July 20 2007 will always be an unforgettable day for many in Gloucestershire. Remembered as one of the county’s worst flooding disasters in recent history, the county watched the rain fall as it took their homes, electricity, water and three men’s lives.
More than two months worth of rain fell in one day, causing the Mythe Water Treatment Works to be inundated with polluted water from the River Severn. This left 350,000 people without clean water for 18 days.
Up to 500 businesses were destroyed by the severe flooding, causing many to close down due to losing out on income and paying for damages. The Longford Inn on Tewkesbury Road in Gloucester was practically under water when the 78mm fell on Gloucestershire and is famously known as one of the worst affected locations.
Now a Beefeater, the venue has changed a lot over the years, but the memories from the floods remain stagnant. Mary from Gloucester, the new site manager, said: “We feel safer now the protections were put in place. If it was so bad then we wouldn’t work here! Just the other day we had heavy rainfall and nothing terrible happened, it’s obviously being dealt with in a better way than it used to be and I think those precautions they put in place are working, definitely.
“I think the (2007) floods were a one off, I really hope nothing like that happens again anyway. If it did? God knows, I don’t think we can take on another disaster like that here. I’m hopeful it won’t happen though and nothing that bad has happened since. Yeah, floods come and go around here but nothing as bad as that.”
So what’s changed? Severn Trent, who provide water to homes in the South West, assured Gloucestershire residents that flooding would never cause contaminated water again. This promise came after the water company built a 3.5 metres (11ft) high wall around the the Mythe Water Treatment Works in 2007, which aims to provide a protection from flood waves.
A Severn Trent Water spokesman at the time said: “The work to further protect our water treatment works at Mythe is now complete and we’ve invested half a million pounds to reinforce the existing wall around the site.
“This creates an even stronger flood barrier and is one of many improvements we’ve made to protect the site from flooding in the future.”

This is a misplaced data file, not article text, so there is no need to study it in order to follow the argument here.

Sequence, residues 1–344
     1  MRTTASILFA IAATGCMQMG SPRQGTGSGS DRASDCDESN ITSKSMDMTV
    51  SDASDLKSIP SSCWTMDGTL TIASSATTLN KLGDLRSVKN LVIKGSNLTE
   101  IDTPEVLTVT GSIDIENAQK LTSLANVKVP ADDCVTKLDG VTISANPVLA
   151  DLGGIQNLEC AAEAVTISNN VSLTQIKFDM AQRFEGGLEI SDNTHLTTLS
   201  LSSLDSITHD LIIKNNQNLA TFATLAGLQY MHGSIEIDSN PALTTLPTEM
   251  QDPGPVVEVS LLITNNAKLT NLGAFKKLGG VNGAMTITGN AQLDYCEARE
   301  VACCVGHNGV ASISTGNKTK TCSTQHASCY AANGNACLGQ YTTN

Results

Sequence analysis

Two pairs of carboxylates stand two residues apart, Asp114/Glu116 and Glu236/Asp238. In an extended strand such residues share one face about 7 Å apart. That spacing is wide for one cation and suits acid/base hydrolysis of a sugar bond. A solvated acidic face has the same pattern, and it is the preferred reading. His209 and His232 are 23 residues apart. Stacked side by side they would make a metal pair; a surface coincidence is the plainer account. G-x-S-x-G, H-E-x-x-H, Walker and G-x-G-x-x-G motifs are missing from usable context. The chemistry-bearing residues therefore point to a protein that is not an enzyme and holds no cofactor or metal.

Severn Trent assure enough work has been done and Tewkesbury Borough Council have recently revealed a potential £28million plan to stop Tewkesbury from flooding badly in the future. This comes after flood campaigners have been urging the Tewkesbury Environment Agency to prevent further flooding to protect people’s homes and businesses.
The ambitious plans include earth barriers and concrete walls being built in order to protect buildings from being flooded again. Tewkesbury town councillor Karen Brennan said: “The earth embankments would generally be between 2-2.5m high, for example tying into the high ground along the back of the Prior’s Park garages and allotments, where the length would be approximately 625 metres.”
Flood barriers can make all the difference and can possibly prevent future devastation. Flooded houses affected 1,950 people in 2007, many who are stuck with these memories to this day. 75-year-old Rosemary Sturt from Prestbury remembers helping her friends in Tewkesbury who had to leave their flooded homes. She said: “We were all affected in different ways but it was the worse for homes in Tewkesbury who had to move out of their homes.
“We went to try and clean them before they could move back in and there was so much mud left from the dirty water, it was all in the cupboards and drawers and you couldn’t even see out of the windows, it stained the whole downstairs of the house. It was so awful. I just hope nothing like this happens again as it is the last thing we need. People still live in the same houses and it would be horrible for them, so I hope enough has been done to prevent it.”